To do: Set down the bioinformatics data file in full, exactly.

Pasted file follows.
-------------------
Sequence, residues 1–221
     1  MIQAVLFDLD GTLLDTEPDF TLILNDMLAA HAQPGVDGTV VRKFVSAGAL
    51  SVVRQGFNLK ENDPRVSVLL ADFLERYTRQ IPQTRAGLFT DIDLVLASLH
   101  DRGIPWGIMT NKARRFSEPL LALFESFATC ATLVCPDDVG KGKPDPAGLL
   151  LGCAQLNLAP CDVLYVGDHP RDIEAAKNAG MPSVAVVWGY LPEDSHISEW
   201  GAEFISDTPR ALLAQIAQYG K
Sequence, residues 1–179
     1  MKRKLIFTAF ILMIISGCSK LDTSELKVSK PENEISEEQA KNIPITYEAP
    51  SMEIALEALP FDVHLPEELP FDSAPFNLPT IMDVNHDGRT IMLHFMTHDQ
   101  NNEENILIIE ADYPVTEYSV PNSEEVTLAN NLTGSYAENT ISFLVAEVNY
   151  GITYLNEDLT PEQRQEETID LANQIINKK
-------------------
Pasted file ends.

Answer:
Sequence, residues 1–221
     1  MIQAVLFDLD GTLLDTEPDF TLILNDMLAA HAQPGVDGTV VRKFVSAGAL
    51  SVVRQGFNLK ENDPRVSVLL ADFLERYTRQ IPQTRAGLFT DIDLVLASLH
   101  DRGIPWGIMT NKARRFSEPL LALFESFATC ATLVCPDDVG KGKPDPAGLL
   151  LGCAQLNLAP CDVLYVGDHP RDIEAAKNAG MPSVAVVWGY LPEDSHISEW
   201  GAEFISDTPR ALLAQIAQYG K
Sequence, residues 1–179
     1  MKRKLIFTAF ILMIISGCSK LDTSELKVSK PENEISEEQA KNIPITYEAP
    51  SMEIALEALP FDVHLPEELP FDSAPFNLPT IMDVNHDGRT IMLHFMTHDQ
   101  NNEENILIIE ADYPVTEYSV PNSEEVTLAN NLTGSYAENT ISFLVAEVNY
   151  GITYLNEDLT PEQRQEETID LANQIINKK